—With the arrival of the new government there was a significant recomposition of resources for the sector. One of the instruments is the National Fund for the Development of Science and Technology, made up of a special tax paid by large production chains such as oil, gas, transportation and energy. It is our main source of financing. During the four years of the previous government (of Jair Bolsonaro) these allocations were drastically reduced; but President Lula decided to comprehensively recompose that Fund, in the second half of 2023. Today the organization is directed by a council made up of representatives from academia, the scientific community, companies and the government. And where they make the decisions to allocate the money. We have implemented six missions and 10 programs. And last year, one of them precisely dedicated itself to the recovery and expansion of the infrastructure necessary for research, to replace the blackout that existed until 2022 with very deteriorated equipment, laboratories and physical spaces.

—What do you mean by “missions”?

—These are the great purposes, which include the fight against hunger, the mechanization of family farming, the climate change agenda, the energy transition and the digital transformation. A central aspect in all this is considering industrialization on new technological bases. We cannot be, forever, among those countries that are producers of large quantities of commodities for export. This places us in a strong dependence on goods with high added value. We need to be leaders in industrial branches: to advance, for example, in strategic nuclear energy projects, as is the case of the multipurpose reactor that will give us autonomy in the production of radioisotopes. Another sector, aerospace, with decisive influence on defense issues, received more than $1 billion in 2023 for companies that operate in that field. There is also a segment, that of technologies that guarantee productivity, such as agrobusiness, where Brazil has indisputable competition with the Brazilian Agricultural Research Company (Embrapa). And we also have leadership in the aeronautical industry, thanks to the legacy of Embraer (Brazilian Aeronautics Company). But we need greater insertion in the production of biomass and green hydrogen, in short, at the forefront of the energy transition. Another great challenge is digital transformation, which will change production relations in the world. To do this we have to overcome our deficit: bring closer scientific research, in which we occupy 12th or 13th place in published works in the world, but we are in 49th place in terms of its focus on innovation. That is the great objective; It is through there that we will achieve technological mastery. Otherwise there is a risk of maintaining the delay.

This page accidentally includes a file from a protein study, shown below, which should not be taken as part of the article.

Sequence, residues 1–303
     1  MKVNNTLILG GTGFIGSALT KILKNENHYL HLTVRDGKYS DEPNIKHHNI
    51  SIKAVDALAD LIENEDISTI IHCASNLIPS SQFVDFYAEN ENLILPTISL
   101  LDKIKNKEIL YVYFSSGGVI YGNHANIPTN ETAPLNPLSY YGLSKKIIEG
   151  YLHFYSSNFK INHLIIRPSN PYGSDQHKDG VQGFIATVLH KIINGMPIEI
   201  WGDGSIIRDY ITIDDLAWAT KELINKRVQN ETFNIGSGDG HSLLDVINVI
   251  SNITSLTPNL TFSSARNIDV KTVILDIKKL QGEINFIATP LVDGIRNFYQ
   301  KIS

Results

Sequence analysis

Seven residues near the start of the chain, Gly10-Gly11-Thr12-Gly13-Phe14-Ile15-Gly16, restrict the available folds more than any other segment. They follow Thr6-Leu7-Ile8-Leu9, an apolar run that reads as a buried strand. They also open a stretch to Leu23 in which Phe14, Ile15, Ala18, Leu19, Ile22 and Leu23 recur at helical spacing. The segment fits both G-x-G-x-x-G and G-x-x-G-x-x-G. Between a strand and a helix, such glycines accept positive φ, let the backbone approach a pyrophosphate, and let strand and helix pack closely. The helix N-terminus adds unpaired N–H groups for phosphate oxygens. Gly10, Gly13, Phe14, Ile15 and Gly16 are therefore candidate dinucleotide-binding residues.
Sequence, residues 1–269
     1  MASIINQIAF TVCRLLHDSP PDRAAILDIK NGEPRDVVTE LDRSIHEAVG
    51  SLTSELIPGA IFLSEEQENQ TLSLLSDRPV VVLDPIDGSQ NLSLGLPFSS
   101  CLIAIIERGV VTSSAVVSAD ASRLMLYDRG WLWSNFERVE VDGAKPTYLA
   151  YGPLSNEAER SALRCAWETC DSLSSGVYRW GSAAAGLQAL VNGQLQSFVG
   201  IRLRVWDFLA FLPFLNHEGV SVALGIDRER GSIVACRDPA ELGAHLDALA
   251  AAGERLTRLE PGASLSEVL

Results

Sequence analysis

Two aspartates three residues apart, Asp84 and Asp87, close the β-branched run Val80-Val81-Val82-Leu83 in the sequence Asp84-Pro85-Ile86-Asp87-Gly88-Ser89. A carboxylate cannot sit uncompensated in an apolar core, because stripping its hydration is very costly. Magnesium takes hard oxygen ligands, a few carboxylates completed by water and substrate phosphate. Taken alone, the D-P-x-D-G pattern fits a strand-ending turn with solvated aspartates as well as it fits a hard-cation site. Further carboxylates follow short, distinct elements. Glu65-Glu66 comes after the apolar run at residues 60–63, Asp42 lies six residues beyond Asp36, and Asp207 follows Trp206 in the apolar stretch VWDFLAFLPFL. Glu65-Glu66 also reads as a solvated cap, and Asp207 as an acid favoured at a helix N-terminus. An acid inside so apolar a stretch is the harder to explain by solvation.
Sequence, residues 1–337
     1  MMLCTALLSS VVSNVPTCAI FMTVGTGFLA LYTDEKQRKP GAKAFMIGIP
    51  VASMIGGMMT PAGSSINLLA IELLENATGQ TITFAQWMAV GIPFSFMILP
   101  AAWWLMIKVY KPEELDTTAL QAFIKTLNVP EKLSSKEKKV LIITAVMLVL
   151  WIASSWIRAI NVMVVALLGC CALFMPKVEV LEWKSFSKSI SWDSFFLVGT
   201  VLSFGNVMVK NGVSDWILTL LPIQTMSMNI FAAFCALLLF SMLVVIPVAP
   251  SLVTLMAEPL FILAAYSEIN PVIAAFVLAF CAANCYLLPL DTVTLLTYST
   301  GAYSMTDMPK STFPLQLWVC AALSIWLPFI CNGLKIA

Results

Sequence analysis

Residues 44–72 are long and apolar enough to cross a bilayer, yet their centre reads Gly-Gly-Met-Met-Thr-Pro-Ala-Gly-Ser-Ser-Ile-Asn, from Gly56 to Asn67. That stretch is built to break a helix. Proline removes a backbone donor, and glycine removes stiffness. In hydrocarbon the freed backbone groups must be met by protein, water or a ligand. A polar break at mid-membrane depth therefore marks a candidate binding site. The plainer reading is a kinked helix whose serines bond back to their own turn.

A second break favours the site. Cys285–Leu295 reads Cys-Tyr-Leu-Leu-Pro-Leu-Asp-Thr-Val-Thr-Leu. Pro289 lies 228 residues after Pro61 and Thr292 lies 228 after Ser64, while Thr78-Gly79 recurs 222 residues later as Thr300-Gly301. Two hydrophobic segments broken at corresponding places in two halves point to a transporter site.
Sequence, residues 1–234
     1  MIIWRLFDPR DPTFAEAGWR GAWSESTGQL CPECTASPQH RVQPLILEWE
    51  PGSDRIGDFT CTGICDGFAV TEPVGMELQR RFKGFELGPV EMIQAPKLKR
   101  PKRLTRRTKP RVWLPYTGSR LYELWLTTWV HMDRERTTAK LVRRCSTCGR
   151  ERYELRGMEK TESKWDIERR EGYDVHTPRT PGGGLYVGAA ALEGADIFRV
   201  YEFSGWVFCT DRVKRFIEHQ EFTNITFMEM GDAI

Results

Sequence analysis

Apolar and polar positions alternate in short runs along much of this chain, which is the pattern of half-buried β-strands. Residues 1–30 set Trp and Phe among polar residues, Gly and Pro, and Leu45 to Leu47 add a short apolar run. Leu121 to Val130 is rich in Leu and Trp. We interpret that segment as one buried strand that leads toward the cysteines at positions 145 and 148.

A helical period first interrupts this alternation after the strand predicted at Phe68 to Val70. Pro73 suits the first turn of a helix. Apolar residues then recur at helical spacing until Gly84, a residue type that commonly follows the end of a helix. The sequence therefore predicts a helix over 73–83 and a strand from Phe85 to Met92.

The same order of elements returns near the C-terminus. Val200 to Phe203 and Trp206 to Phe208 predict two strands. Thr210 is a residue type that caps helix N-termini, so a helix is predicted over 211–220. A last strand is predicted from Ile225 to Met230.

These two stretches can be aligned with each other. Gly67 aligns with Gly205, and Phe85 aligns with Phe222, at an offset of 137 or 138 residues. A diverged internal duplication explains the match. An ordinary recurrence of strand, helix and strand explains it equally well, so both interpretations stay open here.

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—What importance do you assign to Artificial Intelligence?